LESSON PLANNING: My son request that I give him a weekly schedule and I still have had to send daily reminders (kids!).

MARRIAGE CHECKUP: Well I've basically overrun our date night and my husband and I left the kids home to go out to dinner and a movie. He kidnapped me I think, ha!

SELF CARE: I have been getting my nap time in you know. Thirty minutes to two hours, whatever I need and when I need it. I just tell my son to wake me up in an hour.



Thursday, September 12, 2019

Keeping House Clean As a Busy Mom


HOW TO PULL OFF A CLEAN HOUSE WITH 
LITTLE KIDS


My number one strategy for keeping a clean house when our children were little was, limiting where they were able to roam. They only had one room that was their domain, and that was THE PLAYROOM. 

PLAYROOM: We had a small house, but we realized that we needed to designate an area where our kids would have their toys, things they played with, and that place had rules.

Coral The Kids

When kids are small and you are a homeschooling and working parent, there is little time for cleaning the entire house. We had to find a way to coral the kids into only a few areas in the house so we had to only clean two rooms daily. The kids rooms they played in was the Playroom (our former living room or dining room). We would be in that room with the kids and if we were working while they wanted to play or watch television, it would be in that room. We would take our laptop and either watch what we wanted on our laptop or tablet, do work, or read.  

The bedroom was only for sleeping and there were no toys in the bedroom besides what toy they wanted to go take to bed with them.

In the bathroom, they had their own shelf where they were taught to put their stuff.

The kitchen was for eating, snacking, and there was a small TV in there that they could watch if there was a show they just had to see while snacking. They couldn't watch television during lunch or dinner though.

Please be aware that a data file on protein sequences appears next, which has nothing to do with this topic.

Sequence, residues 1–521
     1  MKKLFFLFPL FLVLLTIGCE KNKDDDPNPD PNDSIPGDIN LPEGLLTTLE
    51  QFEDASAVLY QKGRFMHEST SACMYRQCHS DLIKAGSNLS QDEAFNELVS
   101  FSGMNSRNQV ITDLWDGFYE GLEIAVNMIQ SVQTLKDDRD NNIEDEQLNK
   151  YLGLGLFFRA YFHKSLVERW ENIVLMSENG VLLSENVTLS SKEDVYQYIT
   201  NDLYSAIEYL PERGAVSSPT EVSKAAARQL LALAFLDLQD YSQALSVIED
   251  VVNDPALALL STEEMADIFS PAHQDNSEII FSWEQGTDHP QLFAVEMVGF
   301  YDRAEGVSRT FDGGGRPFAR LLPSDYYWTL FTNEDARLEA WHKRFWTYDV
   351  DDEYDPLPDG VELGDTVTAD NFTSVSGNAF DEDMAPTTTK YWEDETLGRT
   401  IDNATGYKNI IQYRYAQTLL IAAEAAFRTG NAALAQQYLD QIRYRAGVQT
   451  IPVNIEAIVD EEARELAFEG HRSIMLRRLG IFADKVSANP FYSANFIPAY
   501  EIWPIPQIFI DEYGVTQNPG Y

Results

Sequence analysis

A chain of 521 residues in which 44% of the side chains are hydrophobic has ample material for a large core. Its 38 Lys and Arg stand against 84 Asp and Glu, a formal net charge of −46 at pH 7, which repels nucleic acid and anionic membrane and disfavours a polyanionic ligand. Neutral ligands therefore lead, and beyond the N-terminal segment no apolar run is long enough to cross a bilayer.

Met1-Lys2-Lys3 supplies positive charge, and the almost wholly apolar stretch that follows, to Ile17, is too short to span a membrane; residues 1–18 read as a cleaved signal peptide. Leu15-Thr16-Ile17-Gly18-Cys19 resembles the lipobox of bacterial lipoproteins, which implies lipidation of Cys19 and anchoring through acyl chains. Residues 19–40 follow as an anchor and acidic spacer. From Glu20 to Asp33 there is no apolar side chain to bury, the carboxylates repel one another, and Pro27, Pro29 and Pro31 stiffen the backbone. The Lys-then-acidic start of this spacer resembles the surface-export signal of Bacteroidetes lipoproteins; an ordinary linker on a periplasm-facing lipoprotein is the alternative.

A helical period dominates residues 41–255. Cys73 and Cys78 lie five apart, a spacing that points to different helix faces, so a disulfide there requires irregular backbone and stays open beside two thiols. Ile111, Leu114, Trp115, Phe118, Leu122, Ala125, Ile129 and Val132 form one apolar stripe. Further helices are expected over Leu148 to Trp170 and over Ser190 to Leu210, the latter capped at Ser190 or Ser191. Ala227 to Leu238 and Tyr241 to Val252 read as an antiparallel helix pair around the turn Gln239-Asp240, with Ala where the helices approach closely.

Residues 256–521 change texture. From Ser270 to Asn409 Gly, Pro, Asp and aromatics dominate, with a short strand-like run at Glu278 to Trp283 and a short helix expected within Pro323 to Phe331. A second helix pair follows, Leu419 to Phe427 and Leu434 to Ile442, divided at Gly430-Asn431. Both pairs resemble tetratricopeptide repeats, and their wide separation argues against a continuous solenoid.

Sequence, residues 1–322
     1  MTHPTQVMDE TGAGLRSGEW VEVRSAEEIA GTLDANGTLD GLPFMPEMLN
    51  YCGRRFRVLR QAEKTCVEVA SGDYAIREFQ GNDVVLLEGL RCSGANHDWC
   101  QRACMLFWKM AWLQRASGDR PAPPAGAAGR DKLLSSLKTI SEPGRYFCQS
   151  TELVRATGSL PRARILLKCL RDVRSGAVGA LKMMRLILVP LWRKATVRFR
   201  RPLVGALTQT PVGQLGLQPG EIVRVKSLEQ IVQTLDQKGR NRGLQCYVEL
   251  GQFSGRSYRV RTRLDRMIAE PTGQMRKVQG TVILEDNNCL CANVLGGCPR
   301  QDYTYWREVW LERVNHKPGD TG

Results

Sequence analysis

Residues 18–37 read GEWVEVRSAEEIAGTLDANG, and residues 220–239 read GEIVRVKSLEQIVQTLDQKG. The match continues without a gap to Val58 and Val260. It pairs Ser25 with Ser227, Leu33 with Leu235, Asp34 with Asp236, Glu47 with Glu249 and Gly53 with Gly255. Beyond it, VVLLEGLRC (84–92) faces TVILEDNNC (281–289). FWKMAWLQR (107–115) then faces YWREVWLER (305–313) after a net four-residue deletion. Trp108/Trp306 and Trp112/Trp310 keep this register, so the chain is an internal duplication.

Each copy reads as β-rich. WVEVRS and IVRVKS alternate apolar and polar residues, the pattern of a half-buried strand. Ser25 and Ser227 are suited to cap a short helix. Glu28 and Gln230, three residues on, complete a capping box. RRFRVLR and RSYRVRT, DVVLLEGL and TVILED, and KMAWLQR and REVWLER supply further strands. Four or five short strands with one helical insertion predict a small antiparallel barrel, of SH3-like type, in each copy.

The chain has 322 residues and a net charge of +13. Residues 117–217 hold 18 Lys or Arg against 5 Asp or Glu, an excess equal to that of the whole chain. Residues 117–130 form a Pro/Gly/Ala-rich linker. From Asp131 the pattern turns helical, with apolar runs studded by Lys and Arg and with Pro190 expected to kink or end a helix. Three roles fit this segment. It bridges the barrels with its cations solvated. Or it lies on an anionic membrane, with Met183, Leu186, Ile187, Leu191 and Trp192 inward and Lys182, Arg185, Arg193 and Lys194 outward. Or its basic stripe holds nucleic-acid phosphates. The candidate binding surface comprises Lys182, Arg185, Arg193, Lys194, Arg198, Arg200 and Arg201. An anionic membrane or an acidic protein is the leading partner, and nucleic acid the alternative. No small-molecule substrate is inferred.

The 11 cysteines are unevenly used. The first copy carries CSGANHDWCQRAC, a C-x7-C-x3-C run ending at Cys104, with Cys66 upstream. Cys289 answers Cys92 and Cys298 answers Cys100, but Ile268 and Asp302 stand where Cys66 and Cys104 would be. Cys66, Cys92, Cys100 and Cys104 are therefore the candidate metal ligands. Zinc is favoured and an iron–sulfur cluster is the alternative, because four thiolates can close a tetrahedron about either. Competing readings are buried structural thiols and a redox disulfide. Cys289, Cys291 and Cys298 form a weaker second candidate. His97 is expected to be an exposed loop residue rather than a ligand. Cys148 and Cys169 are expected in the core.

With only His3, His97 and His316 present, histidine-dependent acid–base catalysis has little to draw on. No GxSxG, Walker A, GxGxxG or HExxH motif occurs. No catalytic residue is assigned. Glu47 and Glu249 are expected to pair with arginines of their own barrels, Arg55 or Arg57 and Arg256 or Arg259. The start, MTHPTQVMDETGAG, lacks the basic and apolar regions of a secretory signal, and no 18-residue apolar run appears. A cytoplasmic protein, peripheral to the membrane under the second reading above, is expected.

Playroom (or Family Room) Rules

This is the kids domain. They need to have one and we gave up a living room and sometimes a dining room for them to have this space. As parents we hung out in the playroom with them. We just learned to tune out their play if we weren't actively playing with them. They also were responsible for helping us clean it as soon as they could walk and carry their own toys they learned to put them in the bins. Truthfully, they were cleaner as children than as teenagers.

-There is only one room for playing with toys, doing art, watching TV and looking at devices for entertainment
-No food in the playroom
-No drinking in the playroom without a top on bottle, sip cup
-Organization of types of toys in toy box with lid and bookcase
-Limit the amount of toys and do an overhaul monthly if needed to donate old toys
-Every night before bed is the sing the 'Clean Up' song and put the toys away




Thursday, September 5, 2019

There is an Independent Learner in Every Child


 MY TIPS AND TRIPS to RAISING AN INDEPENDENT LEARNER




MY METHODS


I believe in giving my children a challenge and watching, observing how they respond to it so I can figure out how they best are 'sparked' into the hunger for that topic.

Kids love playing games, challenges, and rewards. I created these scenarios with them at various times by giving them something to 'hunt' for within a chosen topic.

MOTIVATING LEARNING THROUGH ADVENTURES